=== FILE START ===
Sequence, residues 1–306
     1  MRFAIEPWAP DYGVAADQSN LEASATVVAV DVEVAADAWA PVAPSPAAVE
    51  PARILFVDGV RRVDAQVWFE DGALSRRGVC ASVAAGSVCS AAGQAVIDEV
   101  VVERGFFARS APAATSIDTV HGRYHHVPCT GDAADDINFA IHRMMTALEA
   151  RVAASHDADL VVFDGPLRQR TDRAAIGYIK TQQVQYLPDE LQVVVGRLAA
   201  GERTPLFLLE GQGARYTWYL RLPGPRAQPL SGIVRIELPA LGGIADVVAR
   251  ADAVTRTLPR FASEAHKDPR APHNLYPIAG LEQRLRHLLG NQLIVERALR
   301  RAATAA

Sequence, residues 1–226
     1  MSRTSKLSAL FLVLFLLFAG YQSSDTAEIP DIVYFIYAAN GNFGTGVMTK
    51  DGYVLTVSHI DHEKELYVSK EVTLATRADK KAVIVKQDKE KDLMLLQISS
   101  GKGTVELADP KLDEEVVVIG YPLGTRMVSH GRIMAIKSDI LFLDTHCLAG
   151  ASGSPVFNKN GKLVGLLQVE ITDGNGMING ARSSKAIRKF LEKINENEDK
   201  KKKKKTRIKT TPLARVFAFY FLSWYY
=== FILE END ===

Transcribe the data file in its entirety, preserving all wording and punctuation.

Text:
Sequence, residues 1–306
     1  MRFAIEPWAP DYGVAADQSN LEASATVVAV DVEVAADAWA PVAPSPAAVE
    51  PARILFVDGV RRVDAQVWFE DGALSRRGVC ASVAAGSVCS AAGQAVIDEV
   101  VVERGFFARS APAATSIDTV HGRYHHVPCT GDAADDINFA IHRMMTALEA
   151  RVAASHDADL VVFDGPLRQR TDRAAIGYIK TQQVQYLPDE LQVVVGRLAA
   201  GERTPLFLLE GQGARYTWYL RLPGPRAQPL SGIVRIELPA LGGIADVVAR
   251  ADAVTRTLPR FASEAHKDPR APHNLYPIAG LEQRLRHLLG NQLIVERALR
   301  RAATAA

Sequence, residues 1–226
     1  MSRTSKLSAL FLVLFLLFAG YQSSDTAEIP DIVYFIYAAN GNFGTGVMTK
    51  DGYVLTVSHI DHEKELYVSK EVTLATRADK KAVIVKQDKE KDLMLLQISS
   101  GKGTVELADP KLDEEVVVIG YPLGTRMVSH GRIMAIKSDI LFLDTHCLAG
   151  ASGSPVFNKN GKLVGLLQVE ITDGNGMING ARSSKAIRKF LEKINENEDK
   201  KKKKKTRIKT TPLARVFAFY FLSWYY